Building a Covered Wicking Bed


Clinker cinders, also called scoria or lava rock, is great for the base layer of a wicking bed 

Clinker cinders, also called scoria or lava rock, is great for the base layer of a wicking bed.

I have been interested in aquaponics and hydroponics for a long time, and they are the reasons I built the nice personal greenhouse that I built at my home. Our growing season is fairly short here on the Southern Colorado River Plateau of Arizona, and winters can be bitter, bitter cold, so the greenhouse made sense for that reason as well. I spent years researching various methods and setups for both growing styles and one doesn't spend much time researching hydroponics or aquaponics without learning about a wicking bed sooner or later. 

Popularized by Murray Hallam of Australia, the wicking bed works much like an oversized self-watering pot. The water, whether from the fish tanks as in aquaponics, or nutrient water, like in a hydroponics setup, sits under the growing medium and wicks itself upwards, keeping the growing medium moist, but not soggy, and growing the plants in the top. 

The beds are very often fashioned out of large fish tanks, vinyl-lined wooden grow beds, or even old stock tanks, just something that will not leak and is at least 24 inches deep or so. A fill-pipe, usually like a 1.5-inch or 2-inch PVC pipe, is run down from the top of the bed to the bottom. Some designs have notches cut in the bottom end of the PVC to allow water to flow down, some have holes. Some designs, like the one I found, uses an elbow and a bottom pipe that runs the width or length of the bed, just for filling ease and to help the pipe stand upright.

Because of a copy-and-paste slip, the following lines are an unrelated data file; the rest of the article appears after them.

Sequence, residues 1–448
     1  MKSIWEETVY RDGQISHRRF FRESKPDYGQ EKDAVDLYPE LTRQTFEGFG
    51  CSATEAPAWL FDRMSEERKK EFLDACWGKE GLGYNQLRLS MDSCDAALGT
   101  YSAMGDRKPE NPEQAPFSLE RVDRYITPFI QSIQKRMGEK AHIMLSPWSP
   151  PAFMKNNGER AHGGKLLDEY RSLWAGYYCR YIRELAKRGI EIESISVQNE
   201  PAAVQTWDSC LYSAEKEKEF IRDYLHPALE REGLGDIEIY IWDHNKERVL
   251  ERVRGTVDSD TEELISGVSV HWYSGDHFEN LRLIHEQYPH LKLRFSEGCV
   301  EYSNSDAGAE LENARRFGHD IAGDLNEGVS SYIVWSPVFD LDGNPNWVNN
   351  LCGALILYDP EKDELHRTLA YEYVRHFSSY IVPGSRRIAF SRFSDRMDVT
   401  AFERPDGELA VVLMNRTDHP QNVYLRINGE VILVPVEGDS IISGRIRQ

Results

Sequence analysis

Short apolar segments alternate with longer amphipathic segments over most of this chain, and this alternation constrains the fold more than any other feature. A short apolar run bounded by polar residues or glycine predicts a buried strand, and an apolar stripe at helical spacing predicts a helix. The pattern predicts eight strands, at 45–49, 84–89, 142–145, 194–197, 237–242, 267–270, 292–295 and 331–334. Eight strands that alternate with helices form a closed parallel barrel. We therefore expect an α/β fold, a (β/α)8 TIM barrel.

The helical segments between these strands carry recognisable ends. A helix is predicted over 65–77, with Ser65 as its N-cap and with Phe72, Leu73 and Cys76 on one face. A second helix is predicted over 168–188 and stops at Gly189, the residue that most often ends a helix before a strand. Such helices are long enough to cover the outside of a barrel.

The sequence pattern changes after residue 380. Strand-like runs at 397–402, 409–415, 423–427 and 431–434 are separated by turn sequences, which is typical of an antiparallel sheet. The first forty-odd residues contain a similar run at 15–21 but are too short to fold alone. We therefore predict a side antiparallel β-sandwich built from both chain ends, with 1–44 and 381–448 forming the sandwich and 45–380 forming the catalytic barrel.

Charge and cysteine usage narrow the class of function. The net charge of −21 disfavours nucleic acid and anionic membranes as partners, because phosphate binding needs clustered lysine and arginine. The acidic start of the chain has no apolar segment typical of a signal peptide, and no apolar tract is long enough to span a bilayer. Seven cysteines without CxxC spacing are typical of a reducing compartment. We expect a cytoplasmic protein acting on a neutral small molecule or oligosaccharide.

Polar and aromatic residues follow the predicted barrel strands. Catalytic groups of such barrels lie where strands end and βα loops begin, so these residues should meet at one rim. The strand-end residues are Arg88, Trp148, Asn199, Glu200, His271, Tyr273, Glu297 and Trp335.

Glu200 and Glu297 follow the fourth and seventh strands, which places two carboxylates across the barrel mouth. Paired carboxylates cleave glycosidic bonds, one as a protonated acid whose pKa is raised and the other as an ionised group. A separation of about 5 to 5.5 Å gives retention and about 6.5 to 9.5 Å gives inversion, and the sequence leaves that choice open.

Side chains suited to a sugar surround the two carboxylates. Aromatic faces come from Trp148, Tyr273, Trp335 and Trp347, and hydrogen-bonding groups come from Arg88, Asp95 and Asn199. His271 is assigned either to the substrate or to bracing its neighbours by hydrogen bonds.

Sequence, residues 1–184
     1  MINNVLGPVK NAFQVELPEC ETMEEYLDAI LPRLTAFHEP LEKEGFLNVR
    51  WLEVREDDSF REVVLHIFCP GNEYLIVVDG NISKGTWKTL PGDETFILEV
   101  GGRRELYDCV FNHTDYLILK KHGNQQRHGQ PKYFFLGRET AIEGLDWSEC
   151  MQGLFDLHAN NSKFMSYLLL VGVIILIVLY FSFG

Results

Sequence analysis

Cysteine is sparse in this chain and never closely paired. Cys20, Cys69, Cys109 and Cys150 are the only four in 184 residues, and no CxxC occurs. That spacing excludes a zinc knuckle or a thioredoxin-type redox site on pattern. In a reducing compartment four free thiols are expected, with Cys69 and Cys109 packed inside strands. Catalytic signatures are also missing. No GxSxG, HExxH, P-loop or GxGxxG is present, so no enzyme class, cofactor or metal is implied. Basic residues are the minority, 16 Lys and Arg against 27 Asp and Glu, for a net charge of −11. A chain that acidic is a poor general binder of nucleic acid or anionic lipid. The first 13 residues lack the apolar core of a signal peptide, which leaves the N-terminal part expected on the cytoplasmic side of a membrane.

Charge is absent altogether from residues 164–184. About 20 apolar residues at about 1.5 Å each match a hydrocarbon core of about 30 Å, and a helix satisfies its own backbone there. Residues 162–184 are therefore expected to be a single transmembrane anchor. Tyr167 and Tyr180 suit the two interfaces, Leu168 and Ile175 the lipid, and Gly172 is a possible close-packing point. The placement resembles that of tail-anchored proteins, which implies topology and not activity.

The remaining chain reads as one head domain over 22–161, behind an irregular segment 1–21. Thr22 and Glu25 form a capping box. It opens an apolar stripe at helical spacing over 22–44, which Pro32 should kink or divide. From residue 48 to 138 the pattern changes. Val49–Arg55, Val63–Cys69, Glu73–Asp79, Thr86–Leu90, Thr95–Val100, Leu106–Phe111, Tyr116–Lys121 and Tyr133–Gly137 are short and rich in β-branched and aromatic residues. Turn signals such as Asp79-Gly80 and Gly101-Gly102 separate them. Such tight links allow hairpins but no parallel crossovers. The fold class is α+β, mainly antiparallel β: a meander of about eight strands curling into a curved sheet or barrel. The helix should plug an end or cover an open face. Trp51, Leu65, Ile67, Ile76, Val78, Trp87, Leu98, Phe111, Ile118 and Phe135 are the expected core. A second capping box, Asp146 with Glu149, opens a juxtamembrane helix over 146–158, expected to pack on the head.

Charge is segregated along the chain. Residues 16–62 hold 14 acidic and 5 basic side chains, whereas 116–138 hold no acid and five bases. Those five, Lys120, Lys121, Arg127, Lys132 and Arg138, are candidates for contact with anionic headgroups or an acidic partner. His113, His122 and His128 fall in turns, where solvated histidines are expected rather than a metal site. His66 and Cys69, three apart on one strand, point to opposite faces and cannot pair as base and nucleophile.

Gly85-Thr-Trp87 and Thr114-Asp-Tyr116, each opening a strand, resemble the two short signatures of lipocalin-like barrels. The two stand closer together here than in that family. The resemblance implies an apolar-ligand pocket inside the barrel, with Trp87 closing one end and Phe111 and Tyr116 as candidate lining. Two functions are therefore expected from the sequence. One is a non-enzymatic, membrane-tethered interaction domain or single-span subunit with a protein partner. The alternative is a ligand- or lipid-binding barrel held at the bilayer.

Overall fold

The beds are filled to a level (at least 8”, but could be more) with some sort of very coarse scoria (also called lava rock or clinker cinders if you get them from a landscaping company, see photo above), then covered with a sheet of landscaping fabric or fine shade cloth, so moisture can wick through, but it will hold the planting media from going down into the water. An overflow pipe should exit the wicking bed just about the level of this landscape fabric, so that water doesn’t accumulate at the planting media level and leave everything soggy. The planting media, in my case a mixture of peat moss, good quality homemade compost, and some store-bought organic potting soil, is laid on top of the landscape fabric, at least 12 to 16 inches deep. The water then wicks up through the landscape fabric into the planting medium, supposedly keeping it moist. (See terrible drawing that I made, below)

Subscribe Today - Pay Now & Save 64% Off the Cover Price

50 Years of Money-Saving Tips!

Mother Earth NewsAt MOTHER EARTH NEWS for 50 years and counting, we are dedicated to conserving our planet's natural resources while helping you conserve your financial resources. You'll find tips for slashing heating bills, growing fresh, natural produce at home, and more. That's why we want you to save money and trees by subscribing through our earth-friendly automatic renewal savings plan. By paying with a credit card, you save an additional $5 and get 6 issues of MOTHER EARTH NEWS for only $12.95 (USA only).

You may also use the Bill Me option and pay $17.95 for 6 issues.

Canadian Subscribers - Click Here
International Subscribers - Click Here
Canadian subscriptions: 1 year (includes postage & GST).

Facebook Pinterest Instagram YouTube Twitter flipboard

Free Product Information Classifieds Newsletters